I recently heard that song you hate, “Wagon Wheel” — the one from Darius Rucker, the guy from Hootie & The Blowfish. Every time I hear it, I think of you.
I missed you so much I started to cry. I thought about all the good times we had. How we kept each other alive in that awful place; how you were the first real friend I had in a long time, the first person I let in since my teens.
Then I thought about how I used to make fun of you for saying “hippie shit” all the time, even though I’m a hippie too. And how other people, outside of our “island,” would never understand us, never understand how you were a Deadhead, a Traveler kid, a Slipknot kid, a hippie, a metalhead. I understood because we contained multitudes.
I have felt worse without you.
I have tried not to cry, but I can’t help it. I’ve reflected on the time I told you I didn’t want to get close to you because everyone betrays me or abandons me.
You said you never would, and I believed you.
But you did. You abandoned me. You got out of prison, and your mom offered you money. She told you to stop associating with criminals. Well, blue-collar ones, anyway. So you grabbed the purse strings and abandoned me, your brother.
I didn’t forgive you until I heard you had died. You fell back onto the needle, and it consumed you. I told you to stay away from drugs — you were better than that. You are not John Coltrane. You don’t need it.
I reflected on the little things. How your hair always fell partly in front of your eyes. How when you were bummed out, you’d get that reflective, sorrowful look on your face. How you worshiped Shakespeare. And poetry — even though you were terrible at it, and you knew it.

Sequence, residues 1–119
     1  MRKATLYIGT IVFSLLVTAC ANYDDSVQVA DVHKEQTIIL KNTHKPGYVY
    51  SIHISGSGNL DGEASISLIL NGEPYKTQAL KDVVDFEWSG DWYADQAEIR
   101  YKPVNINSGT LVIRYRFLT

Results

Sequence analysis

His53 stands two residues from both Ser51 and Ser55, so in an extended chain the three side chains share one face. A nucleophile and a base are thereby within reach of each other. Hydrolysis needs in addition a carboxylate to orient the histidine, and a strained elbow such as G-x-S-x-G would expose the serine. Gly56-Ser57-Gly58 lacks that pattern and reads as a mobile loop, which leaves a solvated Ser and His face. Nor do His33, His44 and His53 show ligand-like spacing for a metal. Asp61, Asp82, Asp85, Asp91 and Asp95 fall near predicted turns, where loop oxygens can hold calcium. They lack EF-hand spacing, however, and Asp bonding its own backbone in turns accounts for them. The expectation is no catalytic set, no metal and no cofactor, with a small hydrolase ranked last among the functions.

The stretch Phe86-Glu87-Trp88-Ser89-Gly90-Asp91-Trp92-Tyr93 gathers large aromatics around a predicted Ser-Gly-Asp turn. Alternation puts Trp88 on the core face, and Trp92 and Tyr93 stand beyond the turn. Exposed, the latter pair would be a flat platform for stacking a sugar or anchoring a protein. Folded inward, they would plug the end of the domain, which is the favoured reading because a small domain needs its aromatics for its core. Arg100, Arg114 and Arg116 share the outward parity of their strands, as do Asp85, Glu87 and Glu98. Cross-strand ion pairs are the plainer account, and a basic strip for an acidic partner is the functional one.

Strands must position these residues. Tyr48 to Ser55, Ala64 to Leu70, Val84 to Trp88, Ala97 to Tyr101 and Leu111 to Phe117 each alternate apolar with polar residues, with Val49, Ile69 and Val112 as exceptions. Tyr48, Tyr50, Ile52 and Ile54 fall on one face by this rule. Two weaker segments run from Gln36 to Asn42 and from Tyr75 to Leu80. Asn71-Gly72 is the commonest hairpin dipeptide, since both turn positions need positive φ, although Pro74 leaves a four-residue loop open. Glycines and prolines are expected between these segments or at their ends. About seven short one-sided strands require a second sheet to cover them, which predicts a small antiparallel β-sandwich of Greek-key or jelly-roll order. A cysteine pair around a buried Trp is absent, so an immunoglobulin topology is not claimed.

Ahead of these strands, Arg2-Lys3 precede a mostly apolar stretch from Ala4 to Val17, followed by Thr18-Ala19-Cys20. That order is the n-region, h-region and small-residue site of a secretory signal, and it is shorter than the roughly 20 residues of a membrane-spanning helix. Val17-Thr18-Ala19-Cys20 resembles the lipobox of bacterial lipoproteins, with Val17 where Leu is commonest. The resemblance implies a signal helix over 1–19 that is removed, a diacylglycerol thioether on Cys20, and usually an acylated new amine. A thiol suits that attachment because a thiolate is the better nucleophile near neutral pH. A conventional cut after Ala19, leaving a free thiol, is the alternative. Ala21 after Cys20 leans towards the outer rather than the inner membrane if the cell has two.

I thought about how hard it was for you to have a Turkish father and Ukrainian mother. Two totally different worlds. You never knew where you belonged. I felt the same way. I suppose we all have.
I also thought about that story you told me. How you had a motorcycle crash and a doctor in Hawaii had turned you into a junkie by prescribing you opiates then cutting you off.
I thought about the good times and the funny times, like when you made me stay up for 36 straight hours to drink “Turk-strong” coffee. Or when you dropped a hard-boiled egg in the toilet. You pulled it out, looked at me and said, “Well, you clean the toilet really good,” then ate it.
“Dude! Aren’t you worried about getting sick?” I had asked.
To which you replied, “Dude, I shoot black tar heroin into my veins.”
There was that time you asked me, with your long sigh and reflective face, “So, how do you like living in a cell?” “It’s great, I love living in a bathroom,” I had answered sarcastically. We both burst into laughter.
I have better memories with you — in a little cell in a little unit in a piss-ant town in California — than I have with my childhood friends, cousins and other family.
I know that if I had been out there with you, I could have picked you up and kept you clean. I’m a better person for having had you in my life. I carry our memories like a torch that brightens my days. I hope we meet again, my best friend.
Disclaimer: The views in this article are those of the author. Prison Journalism Project has verified the writer’s identity and basic facts such as the names of institutions mentioned.